When I got home at about 2:15pm on the afternoon of August 23rd and looked at the sprawling, breathless hive of life’s leftovers on the internet, I felt as if everyone else in the state had had a huge party without inviting me.
Later I read that Northwest Philadelphia, due to its solidly rocky geological foundation, experienced less shaking than other areas. Apparently some people in their cars also missed the trembling. From my SEPTA bus in Manayunk, I didn’t have a chance.
Curse you, SEPTA, for robbing me of this experience. Usually life’s tumult is inside the bus, as overheated riders scream obscenities at each other and the cheeky children of low-income families turn the seats into a jungle gym. I never thought public transit would shield me from a wildly unusual and unsettling event.
The earthquake had entered the Facebook feed tentatively. “Um, anyone else feel what seemed to be a small earthquake in Philly?” “Did anyone else feel that little earthquake?” “Um…house shaking??? Why?”
There were some unnecessary judgments on others’ states: “Pentagon evacuating?? Pansies.”
Exalted or frightened realizations set in.
Philadelphia: “Time to scratch ‘survive earthquake’ off the ol’ bucket list…”
Pittsburgh: “never thought i would feel an earthquake on the east coast!”
New York: “Holy earthquake NYC”.
Philadelphia: “The green fingers of sweet wasabi death” (ok, maybe I wasn’t the only one who missed it).
Virginia: THAT WAS SCARY! Wrong time to move to Virginia. 5.8 earthquake. I’ve never felt anything like that before. Whole apartment building vacated to the streets. Now I’m picking up everything that fell over. Man.”
Maryland: “I grabbed the dog and ran outside and watched the truck sway back and forth and looked at the water in the pool slosh back and forth. Pictures crooked, boxes fell off the shelves in garage, and the back door doesn’t close easily – weird.”
North Carolina: “In a school of 1400 kids, it feels like the earth is shaking every day! Didn’t notice anything unusual…but I’m sure it was followed by ‘Ya’ll need to quit bouncing around and be still’!!!!”
Washington, DC: “Earthquake cocktails!”
Apparently downtown Philadelphia had a similar response to my friend in DC. After flocking out of their office buildings to exclaim over the quake, everyone forgot about work and streamed into the bars to get down to the business of discussing Where They Were When It Happened.
Except for me. I had a deadline on the news story that took me to Manayunk. As soon as my cell phone would work again, I began making calls to get an interview I wanted.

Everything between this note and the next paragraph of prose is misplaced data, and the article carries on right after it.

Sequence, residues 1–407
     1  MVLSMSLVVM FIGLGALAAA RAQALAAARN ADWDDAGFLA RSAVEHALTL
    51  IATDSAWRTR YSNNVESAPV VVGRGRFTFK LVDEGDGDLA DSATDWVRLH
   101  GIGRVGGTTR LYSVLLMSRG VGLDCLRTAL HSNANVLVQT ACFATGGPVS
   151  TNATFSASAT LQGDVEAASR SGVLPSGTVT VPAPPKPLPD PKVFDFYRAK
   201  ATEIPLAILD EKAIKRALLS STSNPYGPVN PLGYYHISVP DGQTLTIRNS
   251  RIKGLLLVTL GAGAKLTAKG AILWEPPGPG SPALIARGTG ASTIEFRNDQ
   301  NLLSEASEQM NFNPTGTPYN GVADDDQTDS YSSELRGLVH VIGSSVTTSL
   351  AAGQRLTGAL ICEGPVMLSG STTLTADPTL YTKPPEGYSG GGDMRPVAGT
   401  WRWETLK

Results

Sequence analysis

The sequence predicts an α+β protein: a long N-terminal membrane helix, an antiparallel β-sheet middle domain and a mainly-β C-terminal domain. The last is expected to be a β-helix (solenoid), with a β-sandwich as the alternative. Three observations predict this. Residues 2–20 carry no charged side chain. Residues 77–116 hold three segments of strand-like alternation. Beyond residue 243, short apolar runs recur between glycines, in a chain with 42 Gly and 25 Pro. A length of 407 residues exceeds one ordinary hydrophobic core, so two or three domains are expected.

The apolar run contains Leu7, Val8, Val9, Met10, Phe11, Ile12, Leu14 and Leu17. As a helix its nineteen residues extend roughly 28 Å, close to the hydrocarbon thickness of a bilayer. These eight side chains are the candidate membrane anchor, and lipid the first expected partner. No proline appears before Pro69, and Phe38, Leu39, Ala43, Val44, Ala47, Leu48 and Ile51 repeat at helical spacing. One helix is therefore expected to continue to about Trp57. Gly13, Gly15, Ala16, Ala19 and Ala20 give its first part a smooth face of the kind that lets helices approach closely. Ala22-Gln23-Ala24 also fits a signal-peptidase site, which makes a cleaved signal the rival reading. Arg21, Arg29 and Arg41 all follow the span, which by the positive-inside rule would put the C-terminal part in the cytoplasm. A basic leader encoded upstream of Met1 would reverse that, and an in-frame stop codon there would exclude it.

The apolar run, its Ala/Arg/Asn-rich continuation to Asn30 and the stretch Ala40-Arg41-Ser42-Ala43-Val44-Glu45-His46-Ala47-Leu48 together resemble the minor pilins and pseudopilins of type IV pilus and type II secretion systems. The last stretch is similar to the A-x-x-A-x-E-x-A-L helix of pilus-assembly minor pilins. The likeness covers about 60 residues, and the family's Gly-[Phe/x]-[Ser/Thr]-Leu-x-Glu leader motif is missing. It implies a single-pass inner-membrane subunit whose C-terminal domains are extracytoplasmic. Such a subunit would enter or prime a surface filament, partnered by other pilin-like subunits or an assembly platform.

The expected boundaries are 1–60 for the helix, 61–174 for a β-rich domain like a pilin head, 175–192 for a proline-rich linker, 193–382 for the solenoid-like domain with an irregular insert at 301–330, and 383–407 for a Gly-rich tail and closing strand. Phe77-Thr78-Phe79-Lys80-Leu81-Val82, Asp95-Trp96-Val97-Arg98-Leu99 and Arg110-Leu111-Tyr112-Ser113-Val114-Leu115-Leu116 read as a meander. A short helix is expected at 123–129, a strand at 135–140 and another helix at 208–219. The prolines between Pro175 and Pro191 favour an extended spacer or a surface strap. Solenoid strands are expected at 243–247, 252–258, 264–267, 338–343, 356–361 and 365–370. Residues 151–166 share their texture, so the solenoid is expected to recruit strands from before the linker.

I wanted to talk about construction on a new community center. He wanted to talk about the earthquake.
I felt more left out than ever.
But perhaps it’s for the best. I have a low tolerance for natural disasters. At least, I’m pretty sure I would if I lived in a part of the world that had natural disasters. In fact, I don’t know why everyone doesn’t live on the United States’ mid-Atlantic coast.
In Maryland, New Jersey, Pennsylvania and Delaware, a foot or two of snow brings panic to supermarkets everywhere. Five days of temperatures above 98 puts the fear of death in us. Earthquakes are mild and almost unheard of, tsunamis unknown. By the time hurricanes reach us, they’re nothing but windy, depressing rainstorms. One time a small tornado hit my parents’ hometown outside of Philadelphia. My grandparents lost a gutter and my mom spent the next ten years pointing out a few trees that had been scarred to anyone who would look.
When the terrible tornado hit Joplin, MO earlier this year, I made the mistake of watching a YouTube video someone had made from inside a gas station when the tornado hit. I shivered and wept. A long string of nightmares began in which howling columns of wind bore down upon me while I tried to take shelter in skyscrapers.
On Facebook, the lucky, plucky ones who felt the earthquake tried to comfort those who napped right through with the possibility of aftershocks. I am of two minds about this – one mind out on the sunny streets, and one mind in a dark bedroom on the third floor of the house where I am staying all by myself except for one poodle. It’s like watching a heinously scary movie: sounds like fun during the day, but is a terrible idea when you need a drink of water at 2:30 am and all the lights are off.
I am craven enough to say that I’m glad I live in Philadelphia, a city not built on a tectonic fault-line, where two feet of snow is the apocalypse and people shrug at tornado watches.
“Earthquakes strike suddenly, without warning, and they can occur at any time of the year, day or night. Forty-five states and territories in the U.S. are at moderate to very high risk of earthquakes, and they are located in every region of the country,” the Red Cross told me yesterday in a breathless e-mail. I’m going to hazard a guess that, at worst, Pennsylvania is at the “moderate” end of things. I’ll continue to make donations for earthquake relief in Asia or Haiti, and thank the fates that I live here.
So for now, I guess I can make my peace with missing the Great Earthquake of 2011.